> But, at any rate, we are left with the following question on Ramban's approach - if eating matzah has nothing to do with how the Bnei Yisrael left Egypt but was instead a pre-existing command, what was the reason for it?

    We can ask a similar question on Chumash itself, without reference to Ramban. As a few others mentioned above, the initial prohibition against chametz appears in parshat hachodesh, prior to the Exodus and before we ever left in haste without time for dough to rise. Why was chametz prohibited at that point? Yes it is possible that God commanded this based on His foreknowledge of what would happen in the future; a mystical/chabad explanation is also cited above. However, the approach given in Rabbi Sllifkin's post provides a much more satisfying answer, I think.

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  28. Y. Aharon, the point of R. Yoel Bin-Nun's essay is that "yehi pesach" does not mean, the date was pesach, but rather the story is the story of pesach.

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  29. I believe that translating the word חפזון as “haste” is the source of the confusion. חפזון is more properly translated as “fear,” “trepidation” or “panic” at times leading to flight. This feeling of חפזון is brought about by an encounter with a powerful enemy or the awe of a king (or The King).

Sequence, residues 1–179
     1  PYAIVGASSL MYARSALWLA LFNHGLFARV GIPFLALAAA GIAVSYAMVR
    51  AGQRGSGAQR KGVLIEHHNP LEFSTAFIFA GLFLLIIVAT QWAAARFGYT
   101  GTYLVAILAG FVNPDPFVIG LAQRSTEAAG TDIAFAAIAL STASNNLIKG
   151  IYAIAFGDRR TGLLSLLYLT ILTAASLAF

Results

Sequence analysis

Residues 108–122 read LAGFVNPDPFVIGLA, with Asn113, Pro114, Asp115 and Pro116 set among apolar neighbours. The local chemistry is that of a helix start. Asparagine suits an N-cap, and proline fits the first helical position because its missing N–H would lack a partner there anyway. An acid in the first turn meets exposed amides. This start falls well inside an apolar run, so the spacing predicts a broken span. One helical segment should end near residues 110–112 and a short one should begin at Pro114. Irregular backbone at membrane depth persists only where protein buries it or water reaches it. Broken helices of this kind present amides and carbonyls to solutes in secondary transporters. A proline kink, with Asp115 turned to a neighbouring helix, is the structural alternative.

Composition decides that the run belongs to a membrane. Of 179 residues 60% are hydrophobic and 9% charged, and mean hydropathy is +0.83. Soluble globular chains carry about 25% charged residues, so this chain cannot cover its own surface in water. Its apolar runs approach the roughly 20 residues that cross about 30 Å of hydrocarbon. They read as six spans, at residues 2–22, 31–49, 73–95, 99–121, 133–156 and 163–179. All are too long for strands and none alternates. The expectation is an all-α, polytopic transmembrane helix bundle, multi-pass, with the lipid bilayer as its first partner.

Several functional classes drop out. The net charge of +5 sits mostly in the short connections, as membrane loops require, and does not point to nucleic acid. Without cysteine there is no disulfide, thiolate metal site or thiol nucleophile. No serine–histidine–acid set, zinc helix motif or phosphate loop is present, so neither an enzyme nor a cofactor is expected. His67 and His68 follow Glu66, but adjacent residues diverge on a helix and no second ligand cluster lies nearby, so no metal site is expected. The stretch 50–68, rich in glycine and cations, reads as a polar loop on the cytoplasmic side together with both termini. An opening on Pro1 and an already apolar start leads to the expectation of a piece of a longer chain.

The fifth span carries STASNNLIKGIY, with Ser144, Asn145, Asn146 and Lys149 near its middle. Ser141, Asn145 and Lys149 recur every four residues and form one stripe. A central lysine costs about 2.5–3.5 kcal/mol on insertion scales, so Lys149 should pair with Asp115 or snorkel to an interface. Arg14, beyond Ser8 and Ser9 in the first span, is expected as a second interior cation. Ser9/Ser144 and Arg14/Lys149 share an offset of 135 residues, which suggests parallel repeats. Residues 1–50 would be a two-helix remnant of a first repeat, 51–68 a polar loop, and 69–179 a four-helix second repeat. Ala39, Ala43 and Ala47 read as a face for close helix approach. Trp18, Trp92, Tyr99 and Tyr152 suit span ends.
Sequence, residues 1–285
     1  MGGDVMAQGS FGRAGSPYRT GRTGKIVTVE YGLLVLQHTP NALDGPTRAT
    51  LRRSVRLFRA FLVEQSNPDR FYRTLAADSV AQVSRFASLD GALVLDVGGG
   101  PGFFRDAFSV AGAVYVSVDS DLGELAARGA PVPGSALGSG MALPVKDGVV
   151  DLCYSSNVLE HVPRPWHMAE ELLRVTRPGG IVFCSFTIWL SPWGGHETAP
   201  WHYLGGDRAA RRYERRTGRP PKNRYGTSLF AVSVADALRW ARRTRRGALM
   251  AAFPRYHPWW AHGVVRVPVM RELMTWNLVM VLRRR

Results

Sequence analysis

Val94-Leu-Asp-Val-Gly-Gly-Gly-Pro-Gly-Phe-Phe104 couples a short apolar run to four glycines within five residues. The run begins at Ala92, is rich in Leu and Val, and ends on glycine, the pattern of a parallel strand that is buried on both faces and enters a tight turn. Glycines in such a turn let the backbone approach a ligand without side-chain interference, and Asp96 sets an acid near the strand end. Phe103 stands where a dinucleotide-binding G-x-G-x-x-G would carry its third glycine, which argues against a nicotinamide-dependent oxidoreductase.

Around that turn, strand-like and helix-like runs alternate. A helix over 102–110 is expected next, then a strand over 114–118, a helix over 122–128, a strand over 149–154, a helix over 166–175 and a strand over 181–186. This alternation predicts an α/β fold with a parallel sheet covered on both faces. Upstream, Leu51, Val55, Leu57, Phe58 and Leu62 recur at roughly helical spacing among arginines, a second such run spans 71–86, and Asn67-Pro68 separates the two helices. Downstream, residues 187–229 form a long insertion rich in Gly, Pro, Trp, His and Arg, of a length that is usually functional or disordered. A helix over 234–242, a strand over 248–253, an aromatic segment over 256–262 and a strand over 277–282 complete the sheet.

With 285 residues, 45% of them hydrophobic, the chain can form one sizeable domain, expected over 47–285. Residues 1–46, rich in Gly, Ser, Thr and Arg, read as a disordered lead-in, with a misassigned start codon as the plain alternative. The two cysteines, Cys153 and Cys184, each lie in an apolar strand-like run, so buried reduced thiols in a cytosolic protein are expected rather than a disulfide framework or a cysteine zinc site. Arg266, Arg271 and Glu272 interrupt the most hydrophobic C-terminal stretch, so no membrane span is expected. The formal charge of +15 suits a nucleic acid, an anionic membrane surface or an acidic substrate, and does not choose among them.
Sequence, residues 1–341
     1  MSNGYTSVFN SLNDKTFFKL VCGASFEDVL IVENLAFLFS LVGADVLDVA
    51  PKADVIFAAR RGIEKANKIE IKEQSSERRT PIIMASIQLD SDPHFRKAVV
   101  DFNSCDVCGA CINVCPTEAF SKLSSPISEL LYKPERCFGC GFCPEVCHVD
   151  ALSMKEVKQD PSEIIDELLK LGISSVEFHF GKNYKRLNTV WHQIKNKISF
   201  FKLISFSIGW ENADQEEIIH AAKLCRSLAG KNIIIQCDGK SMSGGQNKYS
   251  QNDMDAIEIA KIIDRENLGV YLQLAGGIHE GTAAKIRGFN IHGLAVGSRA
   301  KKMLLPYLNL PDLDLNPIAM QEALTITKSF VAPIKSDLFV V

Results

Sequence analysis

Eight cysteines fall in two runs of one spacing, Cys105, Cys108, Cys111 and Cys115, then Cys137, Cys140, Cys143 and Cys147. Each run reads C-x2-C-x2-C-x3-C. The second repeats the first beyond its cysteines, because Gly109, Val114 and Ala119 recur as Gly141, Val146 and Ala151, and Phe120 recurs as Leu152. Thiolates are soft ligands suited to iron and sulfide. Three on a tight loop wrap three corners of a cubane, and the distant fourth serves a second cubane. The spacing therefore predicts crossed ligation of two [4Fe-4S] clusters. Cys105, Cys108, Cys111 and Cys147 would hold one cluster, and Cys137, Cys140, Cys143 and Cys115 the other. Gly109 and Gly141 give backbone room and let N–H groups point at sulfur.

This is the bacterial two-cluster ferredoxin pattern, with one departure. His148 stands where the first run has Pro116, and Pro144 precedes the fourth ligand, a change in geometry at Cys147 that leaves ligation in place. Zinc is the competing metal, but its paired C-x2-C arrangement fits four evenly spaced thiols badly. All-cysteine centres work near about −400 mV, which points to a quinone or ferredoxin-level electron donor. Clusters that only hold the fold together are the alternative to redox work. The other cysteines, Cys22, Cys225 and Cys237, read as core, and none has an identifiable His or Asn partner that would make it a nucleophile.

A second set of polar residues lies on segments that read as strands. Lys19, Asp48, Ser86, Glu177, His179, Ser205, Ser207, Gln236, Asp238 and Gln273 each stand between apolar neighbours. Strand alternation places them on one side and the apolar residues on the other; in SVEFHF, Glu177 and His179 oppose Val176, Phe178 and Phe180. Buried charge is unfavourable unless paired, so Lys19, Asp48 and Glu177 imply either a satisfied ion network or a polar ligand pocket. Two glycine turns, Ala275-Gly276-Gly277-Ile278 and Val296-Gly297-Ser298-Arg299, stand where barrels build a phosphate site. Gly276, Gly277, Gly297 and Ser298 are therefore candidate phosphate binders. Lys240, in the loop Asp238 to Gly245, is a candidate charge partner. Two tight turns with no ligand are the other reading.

This becomes clearer in Devarim 20:3 in the oration of the Kohen to the people before setting out to battle. The Kohen tells the people not to fear their enemy in four phrases: אל ירך לבבכם, אל תיראו, אל תחפזו, ואל תערצו מפניהם. All four are synonyms for fear. Onkelos translates “אל תחפזו” as “לא תתבעתון.” This word is also found in Megillat Esther after Esther accuses Haman where it says: “והמן נבעת מלפני המלך והמלכה.” Haman was not reacting in haste, he was recoiling in fear.

    This understanding of חפזון can be applied to other places where this root is found I TaNaKh. Tehillim 31:23, Tehillim 116:11, Shemuel II 4:4, Melakhim II 7:15 etc.

    The Neziv in his commentary on the Haggadah explains חפזון as fear. This also helps to explain the Gemara in Berakhot 9a and the discussion between the Sages and Rabbi Akiva if חפזון refers to the Egyptians or Yisrael.

    Finally, we encounter this word again on Yamim Noraim in the piyut “ונתנה תוקף.” Here, in describing the awesome sight of the judgment in heaven, we find the phrase: “ומלאכים יחפזון וחיל ורעדה יאחזון.” Once more understanding the word “יחפזון” as “fear” or “trepidation” makes more sense than “haste.”

    We therefore eat matzah not because of the haste, but rather as a remembrance of the awe and trepidation that accompanies our nation’s first direct encounter with מלך מלכי המלכים – הקדוש ברוך הוא.